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Brumfield v. Goodwin

United States District Court, W.D. Louisiana, Shreveport Division

February 20, 2018

SHEDRICK J. BRUMFIELD
v.
JERRY GOODWIN, ET AL

          FOOTE JUDGE.

          REPORT AND RECOMMENDATION

          MARK L. HORNSBY U.S. MAGISTRATE JUDGE.

         Introduction

         Cedric J. Brumfield (“Plaintiff”) is a convicted prisoner who has accumulated three strikes by filing frivolous IFP complaints. He is, therefore, barred from filing a civil action or appeal as a pauper unless he is under imminent danger of serious physical injury at the time he files the complaint or appeal. 28 U.S.C. § 1915(g); Banos v O'Guin, 144 F.3d 883 (5th Cir. 1998).

         Plaintiff asked to file this complaint as a pauper against several officials at the David Wade Correctional Center (“DWCC”). The court reviewed the complaint and determined that the only claim that met the imminent danger exception was a claim for exposure to excessive heat directed at Secretary James LeBlanc, Warden Jerry Goodwin, Deputy Warden Angie Huff, and Colonel Lonnie Nail. Doc. 8. The claims against the other defendants were dismissed. Doc. 16. The four defendants who were required to answer the heat exposure claim have filed a Motion for Summary Judgment (Doc. 34, supplemented at Doc. 41). Plaintiff has filed a Memorandum in Opposition (Doc. 45). For the reasons that follow, it is recommended that Defendants' motion be granted in part by dismissing the claims against Secretary LeBlanc and be denied with respect to the other three defendants.

         Injunctive and Declaratory Relief Claims are Moot

         Plaintiff was housed at DWCC in north Louisiana at the time he filed this complaint, and all of his allegations regard alleged heat exposure while held on extended lockdown at that prison between 2014 and 2016. He seeks injunctive and declaratory relief against DWCC officials, as well as compensatory and punitive damages. Soon after briefing on the pending motion was completed, Plaintiff notified the court that he is now housed at the Louisiana State Penitentiary in Angola, more than 200 miles from DWCC. Doc. 46.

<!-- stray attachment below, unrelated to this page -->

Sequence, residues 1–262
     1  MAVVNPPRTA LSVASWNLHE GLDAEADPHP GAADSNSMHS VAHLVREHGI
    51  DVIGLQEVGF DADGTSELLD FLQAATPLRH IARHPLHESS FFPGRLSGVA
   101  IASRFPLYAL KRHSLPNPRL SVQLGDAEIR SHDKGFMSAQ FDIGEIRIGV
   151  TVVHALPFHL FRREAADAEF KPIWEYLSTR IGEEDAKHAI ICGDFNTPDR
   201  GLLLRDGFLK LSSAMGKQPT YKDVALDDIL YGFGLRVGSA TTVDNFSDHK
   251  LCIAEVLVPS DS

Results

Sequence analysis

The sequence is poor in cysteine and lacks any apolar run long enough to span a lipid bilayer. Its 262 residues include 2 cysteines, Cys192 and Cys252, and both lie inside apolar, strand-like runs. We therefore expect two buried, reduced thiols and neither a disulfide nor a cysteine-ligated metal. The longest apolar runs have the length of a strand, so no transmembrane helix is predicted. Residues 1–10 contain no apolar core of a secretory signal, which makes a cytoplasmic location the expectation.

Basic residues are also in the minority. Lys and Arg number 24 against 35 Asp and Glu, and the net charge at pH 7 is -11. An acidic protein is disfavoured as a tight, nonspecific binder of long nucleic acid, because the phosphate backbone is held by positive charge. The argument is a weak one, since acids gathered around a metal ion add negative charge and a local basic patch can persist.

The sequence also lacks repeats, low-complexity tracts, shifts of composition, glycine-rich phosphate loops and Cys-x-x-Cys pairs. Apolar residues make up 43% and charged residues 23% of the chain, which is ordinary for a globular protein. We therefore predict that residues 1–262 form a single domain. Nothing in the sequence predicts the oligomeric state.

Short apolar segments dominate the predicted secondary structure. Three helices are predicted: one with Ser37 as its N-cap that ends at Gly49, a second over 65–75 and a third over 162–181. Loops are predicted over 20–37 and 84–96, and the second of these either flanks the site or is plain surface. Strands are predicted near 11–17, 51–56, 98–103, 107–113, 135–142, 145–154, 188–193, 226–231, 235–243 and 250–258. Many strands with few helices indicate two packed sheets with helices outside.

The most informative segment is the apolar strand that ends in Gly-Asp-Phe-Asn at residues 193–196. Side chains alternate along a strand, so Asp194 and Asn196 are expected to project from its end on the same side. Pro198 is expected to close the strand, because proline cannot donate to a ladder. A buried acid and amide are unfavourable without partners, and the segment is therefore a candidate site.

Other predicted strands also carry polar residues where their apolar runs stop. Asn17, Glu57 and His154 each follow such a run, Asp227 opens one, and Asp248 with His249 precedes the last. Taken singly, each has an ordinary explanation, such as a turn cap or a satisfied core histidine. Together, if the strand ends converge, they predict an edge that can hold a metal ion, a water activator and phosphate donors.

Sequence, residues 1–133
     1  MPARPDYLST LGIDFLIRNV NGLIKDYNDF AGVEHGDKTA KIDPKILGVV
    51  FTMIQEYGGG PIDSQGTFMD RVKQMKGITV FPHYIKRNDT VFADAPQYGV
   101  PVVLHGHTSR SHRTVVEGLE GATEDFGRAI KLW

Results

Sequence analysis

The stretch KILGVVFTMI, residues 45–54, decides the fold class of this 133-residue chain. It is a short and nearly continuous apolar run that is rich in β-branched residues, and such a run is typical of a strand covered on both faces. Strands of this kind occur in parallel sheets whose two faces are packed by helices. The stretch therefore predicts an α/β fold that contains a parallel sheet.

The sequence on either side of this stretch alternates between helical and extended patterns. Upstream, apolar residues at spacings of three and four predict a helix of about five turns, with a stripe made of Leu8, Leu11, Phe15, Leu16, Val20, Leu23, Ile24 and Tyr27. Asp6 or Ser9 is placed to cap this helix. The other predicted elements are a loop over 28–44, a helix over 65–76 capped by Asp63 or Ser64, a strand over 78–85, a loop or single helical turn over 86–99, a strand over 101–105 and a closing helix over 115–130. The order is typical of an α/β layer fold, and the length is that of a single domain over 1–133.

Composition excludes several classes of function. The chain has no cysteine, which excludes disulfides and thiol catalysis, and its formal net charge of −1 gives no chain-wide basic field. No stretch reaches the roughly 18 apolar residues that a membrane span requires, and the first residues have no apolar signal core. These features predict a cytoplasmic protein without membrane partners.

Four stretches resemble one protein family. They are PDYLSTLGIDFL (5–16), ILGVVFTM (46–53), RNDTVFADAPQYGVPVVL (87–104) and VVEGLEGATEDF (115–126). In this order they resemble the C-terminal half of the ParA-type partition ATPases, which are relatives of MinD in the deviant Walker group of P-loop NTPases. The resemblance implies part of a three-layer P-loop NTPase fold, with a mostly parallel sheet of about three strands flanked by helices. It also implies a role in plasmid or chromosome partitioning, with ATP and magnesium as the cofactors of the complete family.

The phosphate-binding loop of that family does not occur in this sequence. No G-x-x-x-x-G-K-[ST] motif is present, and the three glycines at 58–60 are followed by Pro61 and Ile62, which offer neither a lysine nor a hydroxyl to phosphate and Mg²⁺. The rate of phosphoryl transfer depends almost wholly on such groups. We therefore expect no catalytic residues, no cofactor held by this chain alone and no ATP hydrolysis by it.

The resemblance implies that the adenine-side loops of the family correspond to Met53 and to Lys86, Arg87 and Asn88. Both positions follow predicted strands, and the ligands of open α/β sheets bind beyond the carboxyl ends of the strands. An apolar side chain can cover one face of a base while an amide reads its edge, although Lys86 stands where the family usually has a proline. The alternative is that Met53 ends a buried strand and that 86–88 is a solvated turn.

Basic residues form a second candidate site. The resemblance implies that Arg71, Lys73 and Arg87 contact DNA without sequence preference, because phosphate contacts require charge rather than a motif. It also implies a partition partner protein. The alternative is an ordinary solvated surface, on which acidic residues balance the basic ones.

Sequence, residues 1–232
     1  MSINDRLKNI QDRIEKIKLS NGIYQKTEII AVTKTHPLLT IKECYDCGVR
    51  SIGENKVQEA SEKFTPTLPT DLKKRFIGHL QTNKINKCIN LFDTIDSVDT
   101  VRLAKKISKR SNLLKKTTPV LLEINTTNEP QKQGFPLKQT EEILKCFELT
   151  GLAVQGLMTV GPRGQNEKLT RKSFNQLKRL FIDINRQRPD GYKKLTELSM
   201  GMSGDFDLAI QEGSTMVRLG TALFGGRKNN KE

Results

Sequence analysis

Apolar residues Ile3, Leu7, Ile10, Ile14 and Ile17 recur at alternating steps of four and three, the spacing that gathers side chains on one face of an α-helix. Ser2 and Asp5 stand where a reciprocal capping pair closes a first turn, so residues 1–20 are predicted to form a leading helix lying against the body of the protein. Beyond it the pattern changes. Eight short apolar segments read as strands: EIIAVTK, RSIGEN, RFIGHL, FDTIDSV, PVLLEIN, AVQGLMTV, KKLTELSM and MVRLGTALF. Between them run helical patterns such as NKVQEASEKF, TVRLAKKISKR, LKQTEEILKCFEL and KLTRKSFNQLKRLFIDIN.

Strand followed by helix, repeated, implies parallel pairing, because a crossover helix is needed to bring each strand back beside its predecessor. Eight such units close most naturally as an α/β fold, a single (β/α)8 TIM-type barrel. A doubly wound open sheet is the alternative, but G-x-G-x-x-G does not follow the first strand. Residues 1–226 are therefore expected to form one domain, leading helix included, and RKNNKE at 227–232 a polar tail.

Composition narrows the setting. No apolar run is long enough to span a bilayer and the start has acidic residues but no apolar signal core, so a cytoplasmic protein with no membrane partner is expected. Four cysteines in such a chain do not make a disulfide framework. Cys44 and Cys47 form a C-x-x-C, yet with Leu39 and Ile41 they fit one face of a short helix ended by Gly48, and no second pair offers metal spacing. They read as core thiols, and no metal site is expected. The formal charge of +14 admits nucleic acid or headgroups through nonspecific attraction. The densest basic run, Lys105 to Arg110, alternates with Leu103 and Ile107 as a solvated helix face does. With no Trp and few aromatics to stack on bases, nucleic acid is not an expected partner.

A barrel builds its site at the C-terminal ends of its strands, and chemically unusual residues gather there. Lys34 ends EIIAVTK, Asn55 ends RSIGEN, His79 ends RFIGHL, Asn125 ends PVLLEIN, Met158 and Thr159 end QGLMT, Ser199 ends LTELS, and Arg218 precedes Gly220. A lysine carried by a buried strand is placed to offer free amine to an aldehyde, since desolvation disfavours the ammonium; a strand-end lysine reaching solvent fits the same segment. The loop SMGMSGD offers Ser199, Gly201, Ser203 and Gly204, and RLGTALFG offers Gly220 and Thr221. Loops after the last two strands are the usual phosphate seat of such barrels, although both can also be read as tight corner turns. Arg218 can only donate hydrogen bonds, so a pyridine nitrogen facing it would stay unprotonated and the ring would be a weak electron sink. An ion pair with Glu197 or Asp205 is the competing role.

A prisoner's transfer to another facility “render[s] his claims for declaratory and injunctive relief moot.” Herman v. Holiday, 238 F.3d 660, 665 (5th Cir. 2001) (claims for injunctive and declaratory relief based on exposure to asbestos mooted by transfer); Cooper v. Sheriff, Lubbock County, 929 F.2d 1078, 1084 (5th Cir. 1991) (claims for injunctive relief based on denial of food at prior jail were moot). There is no information in the record to suggest that Plaintiff might be returned to DWCC in the foreseeable future, so any request for injunctive relief based on that possibility “is too speculative to warrant relief.” Herman, 238 F.3d at 665. Accordingly, the only issues that remain are whether Plaintiff's heat-exposure claims for compensatory and punitive damages survive the summary judgment challenges raised by the defendants.

         Summary Judgment

         Summary judgment is appropriate “if the movant shows that there is no genuine dispute as to any material fact and the movant is entitled to judgment as a matter of law.” Fed. R. Civ. Pro. 56(a). A fact is “material” if it might affect the outcome of the suit under governing law. Anderson v. Liberty Lobby, Inc., 106 S.Ct. 2505, 2510 (1986). A dispute is “genuine” if there is sufficient evidence so that a reasonable jury could return a verdict for either party. Anderson, supra; Hamilton v. Segue Software Inc., 232 F.3d 473, 477 (5th Cir. 2000).